Issue Date: May 22, 2017
A small-scale reactor for light-driven chemistry
Seeking a way to standardize light-driven chemistry, researchers at Princeton University, led by David W. C. MacMillan, teamed up with scientists and engineers at Merck & Co., led by Ian W. Davies, to create a small-scale reactor to use for photochemical transformations (ACS Cent. Sci. 2017, DOI: 10.1021/acscentsci.7b00159). When a new reaction fails or performs poorly, there can be some ambiguity as to why that is, Davies explains. “We wanted to remove that ambiguity so that when we set up reactions and report them, they are set up consistently and are reproducible,” Davies says. The resulting reactor turns out to speed up many known light-driven reactions and boosts yields to boot. The researchers attribute this ability to the reaction vessel’s increased and highly uniform exposure to photons in the reactor. The system works with vials ranging from 2 to 40 mL. Different light sources can be swapped out, so photochemistry can be done at different wavelengths. Merck has made the reactor plans publicly available, so any company could commercialize it. One company, Penn Optical Coatings, is currently taking orders for the reactor and plans to begin shipping it in August at a cost of $4,900 per reactor.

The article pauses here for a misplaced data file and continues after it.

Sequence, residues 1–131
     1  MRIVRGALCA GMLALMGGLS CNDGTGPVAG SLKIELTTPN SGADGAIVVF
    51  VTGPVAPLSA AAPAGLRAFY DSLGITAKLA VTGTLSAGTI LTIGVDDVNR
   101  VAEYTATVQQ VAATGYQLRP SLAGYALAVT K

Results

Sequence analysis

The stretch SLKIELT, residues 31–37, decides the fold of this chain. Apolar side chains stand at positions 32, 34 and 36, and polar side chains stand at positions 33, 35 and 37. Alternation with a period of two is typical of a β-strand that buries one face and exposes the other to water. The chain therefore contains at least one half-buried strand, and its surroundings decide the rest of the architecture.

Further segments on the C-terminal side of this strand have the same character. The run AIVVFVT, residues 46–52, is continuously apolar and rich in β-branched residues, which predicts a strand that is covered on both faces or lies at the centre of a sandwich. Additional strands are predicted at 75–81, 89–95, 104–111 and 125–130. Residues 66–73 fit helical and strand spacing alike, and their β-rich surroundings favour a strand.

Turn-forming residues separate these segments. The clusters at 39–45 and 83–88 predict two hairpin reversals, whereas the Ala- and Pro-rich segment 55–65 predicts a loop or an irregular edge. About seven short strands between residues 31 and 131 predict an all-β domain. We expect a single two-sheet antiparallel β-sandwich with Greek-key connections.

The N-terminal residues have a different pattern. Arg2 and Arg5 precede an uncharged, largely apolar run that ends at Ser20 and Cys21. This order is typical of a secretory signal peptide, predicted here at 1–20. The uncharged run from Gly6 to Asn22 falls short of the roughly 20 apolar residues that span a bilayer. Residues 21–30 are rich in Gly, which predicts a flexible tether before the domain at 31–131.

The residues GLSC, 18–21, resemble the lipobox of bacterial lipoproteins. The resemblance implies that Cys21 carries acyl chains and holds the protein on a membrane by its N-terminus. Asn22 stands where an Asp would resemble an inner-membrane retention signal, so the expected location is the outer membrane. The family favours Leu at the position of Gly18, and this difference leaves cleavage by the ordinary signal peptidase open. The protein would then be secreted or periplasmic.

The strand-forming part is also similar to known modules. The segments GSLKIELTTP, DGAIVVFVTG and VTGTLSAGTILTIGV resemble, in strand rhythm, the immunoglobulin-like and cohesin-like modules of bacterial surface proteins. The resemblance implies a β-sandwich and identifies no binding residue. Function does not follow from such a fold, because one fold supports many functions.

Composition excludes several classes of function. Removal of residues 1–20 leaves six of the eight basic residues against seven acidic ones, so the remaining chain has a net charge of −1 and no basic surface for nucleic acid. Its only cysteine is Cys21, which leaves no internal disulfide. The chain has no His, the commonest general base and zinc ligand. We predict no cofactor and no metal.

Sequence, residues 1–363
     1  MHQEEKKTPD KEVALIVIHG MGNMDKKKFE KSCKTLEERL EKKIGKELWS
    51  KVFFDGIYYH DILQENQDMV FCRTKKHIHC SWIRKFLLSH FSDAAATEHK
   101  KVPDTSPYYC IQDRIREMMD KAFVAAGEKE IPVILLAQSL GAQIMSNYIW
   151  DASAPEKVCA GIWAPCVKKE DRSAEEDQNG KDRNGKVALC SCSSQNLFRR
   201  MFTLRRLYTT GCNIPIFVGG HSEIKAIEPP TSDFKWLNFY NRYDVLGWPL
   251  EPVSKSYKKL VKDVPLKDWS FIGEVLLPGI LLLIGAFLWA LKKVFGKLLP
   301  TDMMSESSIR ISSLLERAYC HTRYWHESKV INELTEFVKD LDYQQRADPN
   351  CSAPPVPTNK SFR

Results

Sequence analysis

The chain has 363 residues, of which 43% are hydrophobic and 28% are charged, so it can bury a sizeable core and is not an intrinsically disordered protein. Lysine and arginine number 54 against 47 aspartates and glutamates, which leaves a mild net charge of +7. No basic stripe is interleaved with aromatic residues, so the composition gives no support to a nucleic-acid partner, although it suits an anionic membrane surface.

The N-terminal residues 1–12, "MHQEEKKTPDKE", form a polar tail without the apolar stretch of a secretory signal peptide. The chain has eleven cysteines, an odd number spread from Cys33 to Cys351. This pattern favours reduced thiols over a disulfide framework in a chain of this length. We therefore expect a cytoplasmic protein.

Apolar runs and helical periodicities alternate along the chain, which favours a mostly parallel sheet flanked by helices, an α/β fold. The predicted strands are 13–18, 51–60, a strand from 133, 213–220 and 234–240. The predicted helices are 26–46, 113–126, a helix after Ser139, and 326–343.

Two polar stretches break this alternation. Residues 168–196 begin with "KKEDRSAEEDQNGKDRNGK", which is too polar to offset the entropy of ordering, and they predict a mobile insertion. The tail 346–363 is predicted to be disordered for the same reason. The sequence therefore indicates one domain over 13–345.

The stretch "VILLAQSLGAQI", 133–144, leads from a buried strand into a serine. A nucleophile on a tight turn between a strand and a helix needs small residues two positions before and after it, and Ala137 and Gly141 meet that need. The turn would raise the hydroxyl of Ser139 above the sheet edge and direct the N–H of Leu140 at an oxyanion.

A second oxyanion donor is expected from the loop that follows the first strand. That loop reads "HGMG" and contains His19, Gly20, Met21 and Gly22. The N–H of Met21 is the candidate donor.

- Chemical & Engineering News
- ISSN 0009-2347
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